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Shore Birds—Jennifer Griem

We got ours at a marine store...

On a balmy night in 1996, biologist Jennifer Griem found herself observing a late night beach phenomenon unique to southern California: a grunion run. Grunion are small fish who spawn once every two weeks during the summer months by temporarily beaching themselves. Taking advance of the highest high tides, the grunion lay their eggs in the sand, where they incubate until they are washed back into the ocean two weeks later. As impressive as the grunion spectacle was, Griem was more fascinated by the array of birds she observed lining up for an easy grunion meal: Great Blue Herons, Night Herons, Western Gulls and Snowy Egrets.

Grunion on beach at night NOVA: What's so interesting about a bunch of birds taking advantage of a grunion run?

JG: Of the four bird species that feed on the grunion, there's only one that's truly nocturnal—the Night Heron. The other three are usually daytime feeders, but they come out at night for grunion runs. So we're seeing daytime feeders coming out and engaging in nocturnal behavior, which is very interesting. It prompted me to get going and do some population counts and some correlations between grunion runs and the appearance of birds on the beach.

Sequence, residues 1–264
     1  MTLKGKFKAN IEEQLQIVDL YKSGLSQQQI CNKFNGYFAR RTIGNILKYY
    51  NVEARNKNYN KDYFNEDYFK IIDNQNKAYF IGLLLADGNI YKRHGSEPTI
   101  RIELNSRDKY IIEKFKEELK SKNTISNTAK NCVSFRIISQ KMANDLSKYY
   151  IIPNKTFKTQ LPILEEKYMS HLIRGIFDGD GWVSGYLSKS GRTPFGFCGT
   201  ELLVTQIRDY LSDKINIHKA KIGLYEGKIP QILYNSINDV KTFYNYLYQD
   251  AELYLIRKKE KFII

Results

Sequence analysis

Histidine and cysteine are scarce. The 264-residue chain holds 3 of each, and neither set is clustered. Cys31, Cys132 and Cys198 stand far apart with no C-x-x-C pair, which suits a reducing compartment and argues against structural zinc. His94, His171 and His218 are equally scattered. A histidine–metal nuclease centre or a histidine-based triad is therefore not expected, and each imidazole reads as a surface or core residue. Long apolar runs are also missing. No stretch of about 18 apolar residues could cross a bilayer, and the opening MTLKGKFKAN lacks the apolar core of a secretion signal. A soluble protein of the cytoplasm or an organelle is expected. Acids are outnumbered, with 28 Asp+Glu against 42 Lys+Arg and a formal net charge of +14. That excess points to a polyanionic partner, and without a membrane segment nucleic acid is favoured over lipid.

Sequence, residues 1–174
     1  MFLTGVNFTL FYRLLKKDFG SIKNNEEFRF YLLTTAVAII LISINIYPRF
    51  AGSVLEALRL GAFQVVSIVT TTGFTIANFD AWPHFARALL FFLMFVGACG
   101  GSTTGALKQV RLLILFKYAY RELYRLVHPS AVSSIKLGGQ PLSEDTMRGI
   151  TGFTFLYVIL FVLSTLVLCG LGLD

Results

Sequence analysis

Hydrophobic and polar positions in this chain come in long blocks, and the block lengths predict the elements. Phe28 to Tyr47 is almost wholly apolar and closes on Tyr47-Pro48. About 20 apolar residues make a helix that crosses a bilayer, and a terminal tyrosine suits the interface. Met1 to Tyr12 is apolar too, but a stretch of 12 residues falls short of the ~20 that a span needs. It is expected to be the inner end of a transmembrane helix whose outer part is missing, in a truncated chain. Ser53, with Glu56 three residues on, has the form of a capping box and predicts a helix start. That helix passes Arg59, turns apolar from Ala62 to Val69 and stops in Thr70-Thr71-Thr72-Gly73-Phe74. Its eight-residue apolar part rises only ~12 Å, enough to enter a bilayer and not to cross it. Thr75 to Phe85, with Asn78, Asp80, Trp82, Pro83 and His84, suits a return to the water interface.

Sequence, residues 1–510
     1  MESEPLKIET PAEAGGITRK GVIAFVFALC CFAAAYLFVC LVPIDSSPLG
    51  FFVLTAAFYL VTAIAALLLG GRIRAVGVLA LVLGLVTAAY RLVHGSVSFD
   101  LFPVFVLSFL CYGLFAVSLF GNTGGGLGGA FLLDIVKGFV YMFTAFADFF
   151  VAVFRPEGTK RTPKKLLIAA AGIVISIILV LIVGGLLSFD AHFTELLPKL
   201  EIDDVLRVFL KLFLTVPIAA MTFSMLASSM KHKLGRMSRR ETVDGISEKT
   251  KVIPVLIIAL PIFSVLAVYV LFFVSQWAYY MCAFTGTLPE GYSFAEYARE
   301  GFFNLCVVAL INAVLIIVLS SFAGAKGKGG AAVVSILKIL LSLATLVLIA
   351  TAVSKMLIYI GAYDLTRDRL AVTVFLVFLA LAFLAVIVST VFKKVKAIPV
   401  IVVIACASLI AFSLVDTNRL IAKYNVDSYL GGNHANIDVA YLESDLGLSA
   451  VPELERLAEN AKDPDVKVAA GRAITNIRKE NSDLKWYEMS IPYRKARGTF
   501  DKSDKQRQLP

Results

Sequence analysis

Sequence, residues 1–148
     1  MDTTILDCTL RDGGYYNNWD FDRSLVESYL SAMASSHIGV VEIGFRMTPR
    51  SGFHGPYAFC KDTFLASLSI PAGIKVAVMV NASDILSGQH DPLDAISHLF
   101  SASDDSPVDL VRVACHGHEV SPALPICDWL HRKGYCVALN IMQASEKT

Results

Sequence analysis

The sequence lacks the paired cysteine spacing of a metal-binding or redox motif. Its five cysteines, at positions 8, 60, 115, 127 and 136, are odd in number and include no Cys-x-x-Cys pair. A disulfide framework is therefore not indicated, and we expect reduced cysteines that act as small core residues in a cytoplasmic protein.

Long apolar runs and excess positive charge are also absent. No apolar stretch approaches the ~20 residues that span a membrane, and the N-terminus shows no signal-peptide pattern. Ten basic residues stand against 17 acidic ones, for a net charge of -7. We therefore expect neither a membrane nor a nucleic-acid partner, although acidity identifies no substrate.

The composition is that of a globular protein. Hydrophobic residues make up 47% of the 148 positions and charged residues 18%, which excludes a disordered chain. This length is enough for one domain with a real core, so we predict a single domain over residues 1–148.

Heron at night on shore NOVA: Tell me about the technology that you used.

JG: Well, I had a pair of binoculars, which is pretty standard. The other instrument I used was an ITT night vision scope. It was a monocular, so I looked through it with only one eye. It takes whatever small amount of light is on the beach and it multiplies it so that you see very clearly—almost like it's daylight. It's the same technology that the military uses for their night exercises.

NOVA: Where did you get it?

Jennifer Griem using night scope JG: We got ours at a marine store, because it was waterproof, but they have them at hunting stores, too. I think the one we got was over $1000, which is fairly expensive, but it works tremendously well. It enabled me to identify the birds, to species, at night—by their silhouette and their markings. And it enabled me to do accurate counts without having to get too close to them and scare them away. It was a real useful piece of equipment.

NOVA: What did the night vision scope enable you to learn about the birds and their relationship with the grunion that you otherwise would have missed?

JG: I learned that the birds are present not only during grunion runs, but before grunion runs. Like a half an hour before the fish even show up, they're there waiting. And they're not there on nights when the fish are not supposed to come. They actually know when the fish are coming.


Photos: (1,3) Karen Martin, Pepperdine University; (2) Stephen Davis, Pepperdine University.

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